This past Saturday, SNRE Environmental Justice professor Paul Mohai received the 2014 Damu Smith Power of One Leadership Award presented at the Second Annual HBCU Student Climate Change Conference held at Dillard University in New Orleans, April 17-19, 2014. The conference was co-sponsored by Dillard University Deep South Center for Environmental Justice and the Barbara Jordan-Mickey Leland School of Public Affairs at Texas Southern University.
From March 25th to April 1st, Professor Paul Mohai and SNRE students Alejandro Colsa-Perez, Bernadette Grafton and Katy Hintzen made a trip to Europe to present results from their master’s project to their client, the European Union-funded Environmental Justice Organizations, Liabilities and Trade (EJOLT) project, which hosted its annua
In honor of former director Carol Hollenshead’s twenty-year tenure at the Center for the Education of Women, CEW created the Carol Hollenshead Award for Excellence in Promoting Equity and Social Change. Awardees are faculty and staff—either individuals or groups—whose sustained efforts have resulted in greater equity in regard to gender, race, class, age, disability, gender identity, or sexual orientation.
A list of the 40 most influential environmental justice conflicts in American history—compiled by students at the University of Michigan—has been added to a new "Global Atlas of Environmental Justice," an interactive online map detailing about 1,000 environmental conflicts worldwide. The atlas is a product of the European Union-funded EJOLT project (Environmental Justice Organizations, Liabilities and Trade), which is hosting a conference this month in Lund, Sweden.
The purpose of the ProQuest Distinguished Dissertation Awards is to recognize exceptional and unusually interesting work produced by doctoral students in the last phase of their graduate work. Kerry Ard was chosen as a 2013 recipient for her thesis: Changes in Exposure to Industrial Air Pollution Across the United States from 1995 to 2004: The Role of Race, Income, and Segregation.
Back alleys, vacant lots and underutilized urban spaces hold great potential for fostering more sustainable cities, if they can be reimagined and transformed into multidimensional green infrastructure that simultaneously delivers environmental, social and economic benefits, says Joshua Newell, assistant professor at the School of Natural Resources and Environment.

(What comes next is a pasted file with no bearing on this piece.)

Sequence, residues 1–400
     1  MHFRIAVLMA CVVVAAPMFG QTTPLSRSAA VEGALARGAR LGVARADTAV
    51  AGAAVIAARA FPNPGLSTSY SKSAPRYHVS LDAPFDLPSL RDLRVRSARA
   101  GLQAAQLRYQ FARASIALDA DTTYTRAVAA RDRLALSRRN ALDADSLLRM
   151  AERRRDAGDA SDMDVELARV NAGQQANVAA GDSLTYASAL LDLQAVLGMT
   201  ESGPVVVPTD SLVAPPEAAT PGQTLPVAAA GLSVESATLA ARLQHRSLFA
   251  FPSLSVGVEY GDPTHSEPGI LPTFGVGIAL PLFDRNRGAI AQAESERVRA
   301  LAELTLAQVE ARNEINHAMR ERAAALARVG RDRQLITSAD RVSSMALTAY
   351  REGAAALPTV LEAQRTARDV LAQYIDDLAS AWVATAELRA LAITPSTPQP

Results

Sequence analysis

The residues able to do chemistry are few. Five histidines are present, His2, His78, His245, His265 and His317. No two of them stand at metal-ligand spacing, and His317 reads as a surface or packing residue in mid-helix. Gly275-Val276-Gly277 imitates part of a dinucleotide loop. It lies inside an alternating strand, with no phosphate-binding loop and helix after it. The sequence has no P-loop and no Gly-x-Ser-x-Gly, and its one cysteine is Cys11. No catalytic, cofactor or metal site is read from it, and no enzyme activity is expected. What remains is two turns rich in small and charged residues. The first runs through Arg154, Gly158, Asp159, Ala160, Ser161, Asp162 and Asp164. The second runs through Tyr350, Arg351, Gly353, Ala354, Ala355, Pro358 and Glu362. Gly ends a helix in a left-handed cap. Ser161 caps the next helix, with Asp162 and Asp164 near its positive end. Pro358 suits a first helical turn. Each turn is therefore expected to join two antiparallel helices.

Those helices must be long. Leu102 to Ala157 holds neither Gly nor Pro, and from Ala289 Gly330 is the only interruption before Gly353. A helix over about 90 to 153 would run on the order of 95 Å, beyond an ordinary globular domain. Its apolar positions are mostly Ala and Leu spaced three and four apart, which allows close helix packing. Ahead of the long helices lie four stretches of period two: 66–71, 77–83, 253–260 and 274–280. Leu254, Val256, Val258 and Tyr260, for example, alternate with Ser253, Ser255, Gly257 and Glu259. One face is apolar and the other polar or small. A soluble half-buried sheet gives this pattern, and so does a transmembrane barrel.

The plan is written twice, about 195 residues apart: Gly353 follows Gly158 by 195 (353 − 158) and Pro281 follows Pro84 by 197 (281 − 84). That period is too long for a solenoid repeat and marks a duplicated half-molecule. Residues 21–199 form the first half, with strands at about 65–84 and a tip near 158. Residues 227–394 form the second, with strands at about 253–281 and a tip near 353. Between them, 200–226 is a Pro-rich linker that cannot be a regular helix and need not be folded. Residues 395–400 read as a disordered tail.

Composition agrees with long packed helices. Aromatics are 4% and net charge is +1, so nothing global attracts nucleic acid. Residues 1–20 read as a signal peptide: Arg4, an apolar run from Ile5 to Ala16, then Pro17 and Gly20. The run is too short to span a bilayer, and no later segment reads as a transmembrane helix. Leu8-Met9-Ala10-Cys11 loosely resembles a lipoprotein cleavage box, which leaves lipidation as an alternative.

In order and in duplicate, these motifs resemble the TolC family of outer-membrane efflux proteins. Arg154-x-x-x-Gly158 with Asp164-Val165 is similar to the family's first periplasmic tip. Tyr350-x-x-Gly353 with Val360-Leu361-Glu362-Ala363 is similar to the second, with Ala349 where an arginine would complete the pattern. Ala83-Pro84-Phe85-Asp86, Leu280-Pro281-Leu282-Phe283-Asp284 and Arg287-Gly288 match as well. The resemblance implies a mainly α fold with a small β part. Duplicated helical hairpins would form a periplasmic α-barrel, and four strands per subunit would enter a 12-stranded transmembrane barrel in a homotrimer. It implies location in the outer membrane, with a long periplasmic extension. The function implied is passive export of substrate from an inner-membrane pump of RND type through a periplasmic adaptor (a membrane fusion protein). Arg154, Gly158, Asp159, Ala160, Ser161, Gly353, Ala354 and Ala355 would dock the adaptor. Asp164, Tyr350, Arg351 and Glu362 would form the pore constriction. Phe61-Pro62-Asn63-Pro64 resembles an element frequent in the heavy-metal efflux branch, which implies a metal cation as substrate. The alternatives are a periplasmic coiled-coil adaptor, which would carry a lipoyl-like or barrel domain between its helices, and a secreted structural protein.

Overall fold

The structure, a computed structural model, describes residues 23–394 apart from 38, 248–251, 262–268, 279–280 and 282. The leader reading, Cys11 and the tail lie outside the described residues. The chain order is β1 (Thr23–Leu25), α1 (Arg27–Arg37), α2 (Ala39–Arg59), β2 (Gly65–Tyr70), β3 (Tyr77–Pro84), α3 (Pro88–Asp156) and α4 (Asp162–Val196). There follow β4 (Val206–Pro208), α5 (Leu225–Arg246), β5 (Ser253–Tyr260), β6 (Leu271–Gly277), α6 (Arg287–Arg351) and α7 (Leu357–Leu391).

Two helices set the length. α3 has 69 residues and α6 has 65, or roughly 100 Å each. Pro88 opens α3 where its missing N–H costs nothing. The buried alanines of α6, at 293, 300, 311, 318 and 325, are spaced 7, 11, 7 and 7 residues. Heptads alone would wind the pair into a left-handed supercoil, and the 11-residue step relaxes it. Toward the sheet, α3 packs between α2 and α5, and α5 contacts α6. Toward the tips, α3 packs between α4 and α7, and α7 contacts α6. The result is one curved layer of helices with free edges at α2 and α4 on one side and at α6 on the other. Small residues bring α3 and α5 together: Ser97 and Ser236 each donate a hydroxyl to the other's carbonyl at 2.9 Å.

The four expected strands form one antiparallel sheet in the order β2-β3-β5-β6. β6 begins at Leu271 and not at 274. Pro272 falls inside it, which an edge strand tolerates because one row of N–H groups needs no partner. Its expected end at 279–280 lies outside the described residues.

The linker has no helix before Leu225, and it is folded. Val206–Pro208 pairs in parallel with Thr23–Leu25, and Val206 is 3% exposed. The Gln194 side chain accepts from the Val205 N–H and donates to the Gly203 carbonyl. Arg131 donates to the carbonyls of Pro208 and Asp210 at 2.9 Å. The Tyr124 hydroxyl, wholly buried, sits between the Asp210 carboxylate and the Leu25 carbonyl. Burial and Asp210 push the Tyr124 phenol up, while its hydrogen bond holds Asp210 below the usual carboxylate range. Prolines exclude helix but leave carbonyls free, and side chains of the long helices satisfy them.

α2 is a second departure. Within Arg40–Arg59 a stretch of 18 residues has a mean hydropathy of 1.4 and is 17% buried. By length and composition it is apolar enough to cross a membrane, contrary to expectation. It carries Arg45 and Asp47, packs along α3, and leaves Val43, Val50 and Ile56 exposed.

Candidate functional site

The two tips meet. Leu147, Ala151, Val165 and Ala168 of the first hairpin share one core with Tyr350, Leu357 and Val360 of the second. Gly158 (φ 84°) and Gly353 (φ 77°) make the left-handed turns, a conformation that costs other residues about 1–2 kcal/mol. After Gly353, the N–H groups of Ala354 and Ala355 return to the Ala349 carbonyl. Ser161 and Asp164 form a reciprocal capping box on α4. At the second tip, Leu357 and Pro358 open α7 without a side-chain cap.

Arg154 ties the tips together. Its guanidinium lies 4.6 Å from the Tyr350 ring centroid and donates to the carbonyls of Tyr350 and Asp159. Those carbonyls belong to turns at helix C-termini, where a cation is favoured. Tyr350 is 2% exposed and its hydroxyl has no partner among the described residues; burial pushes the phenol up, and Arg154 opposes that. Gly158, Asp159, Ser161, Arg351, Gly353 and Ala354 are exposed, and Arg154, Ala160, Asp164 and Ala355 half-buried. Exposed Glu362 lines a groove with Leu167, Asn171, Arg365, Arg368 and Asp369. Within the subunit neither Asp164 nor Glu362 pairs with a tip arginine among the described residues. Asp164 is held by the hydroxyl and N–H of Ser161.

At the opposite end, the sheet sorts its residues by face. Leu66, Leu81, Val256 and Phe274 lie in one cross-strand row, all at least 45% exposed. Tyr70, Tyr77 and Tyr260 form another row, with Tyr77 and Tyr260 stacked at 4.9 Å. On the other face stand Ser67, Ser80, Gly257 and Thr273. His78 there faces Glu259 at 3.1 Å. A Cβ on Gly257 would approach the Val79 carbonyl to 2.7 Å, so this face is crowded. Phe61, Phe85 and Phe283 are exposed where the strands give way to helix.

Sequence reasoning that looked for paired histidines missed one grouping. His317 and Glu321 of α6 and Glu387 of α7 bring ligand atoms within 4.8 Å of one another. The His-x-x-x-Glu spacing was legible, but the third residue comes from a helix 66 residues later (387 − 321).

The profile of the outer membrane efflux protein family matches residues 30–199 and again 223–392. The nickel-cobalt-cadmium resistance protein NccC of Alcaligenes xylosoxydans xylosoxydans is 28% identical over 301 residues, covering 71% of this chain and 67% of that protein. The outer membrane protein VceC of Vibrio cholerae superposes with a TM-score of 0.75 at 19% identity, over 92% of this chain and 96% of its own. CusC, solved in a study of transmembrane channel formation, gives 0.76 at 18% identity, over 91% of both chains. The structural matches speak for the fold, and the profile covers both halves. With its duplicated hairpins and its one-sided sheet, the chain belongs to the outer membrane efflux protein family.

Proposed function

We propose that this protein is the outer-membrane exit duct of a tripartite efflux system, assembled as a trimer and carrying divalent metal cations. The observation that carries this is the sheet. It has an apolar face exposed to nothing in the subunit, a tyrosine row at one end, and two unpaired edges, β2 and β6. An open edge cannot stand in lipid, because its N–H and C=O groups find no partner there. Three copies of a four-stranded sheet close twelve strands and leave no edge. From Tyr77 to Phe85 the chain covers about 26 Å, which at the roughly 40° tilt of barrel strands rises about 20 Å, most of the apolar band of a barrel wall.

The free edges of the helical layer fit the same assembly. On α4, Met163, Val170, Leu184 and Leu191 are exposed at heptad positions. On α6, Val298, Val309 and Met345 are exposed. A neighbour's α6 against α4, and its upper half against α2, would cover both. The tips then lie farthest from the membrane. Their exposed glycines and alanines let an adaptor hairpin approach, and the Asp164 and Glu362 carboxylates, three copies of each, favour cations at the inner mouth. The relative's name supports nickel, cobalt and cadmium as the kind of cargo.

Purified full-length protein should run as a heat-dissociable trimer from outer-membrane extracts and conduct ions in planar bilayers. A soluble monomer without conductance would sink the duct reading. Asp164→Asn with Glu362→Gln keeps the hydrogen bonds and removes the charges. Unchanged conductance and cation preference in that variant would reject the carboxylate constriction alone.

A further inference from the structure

SNRE’s Brad Cardinale is one of eight U-M scientists and engineers who have been elected as 2013 fellows of the American Association for Advancement of Science. Cardinale and the other seven chosen University of Michigan researchers were among 388 new fellows announced today by AAAS.
SNRE is honoring Professor Bob Grese on being named the Theodore Roosevelt Professor of Ecosystem Management. Join us for his lecture, "Linking Landscape Design and Conservation: Historical American Traditions and Current Applications," to be held at 5 p.m. on Dec. 3rd, Room 1040 of the Dana Building.
SNRE professor and Environmental Justice scholar Dorceta Taylor recently returned from Washington D.C. where she gave a Congressional briefing on her Food Security in Michigan Project. Taylor was invited to be one of the keynote speakers by the Association of Ecosystems Research Centers (AERC).
Alumnus Cynthia Koenig and the Dana Building are featured in the new public service announcement created by the University of Michigan. The announcement will air as a commercial and during sporting events broadcast on TV.
Shots from inside the Dana Building come from the Flume Room, the research lab space operated by Associate Professor Brad Cardinale.
Here is the story from the University Record explaining how the announcement was built ...
Allyson Green, an Environmental Justice student at SNRE, is featured in a blog on the Scientific American website that talks with "new, young and up-and-coming science, health and environmental writers and reporters."
They – at least some of them – have recently hatched in the Incubators (science writing programs at schools of journalism), have even more recently fledged (graduated), and are now making their mark as wonderful new voices explaining science to the public.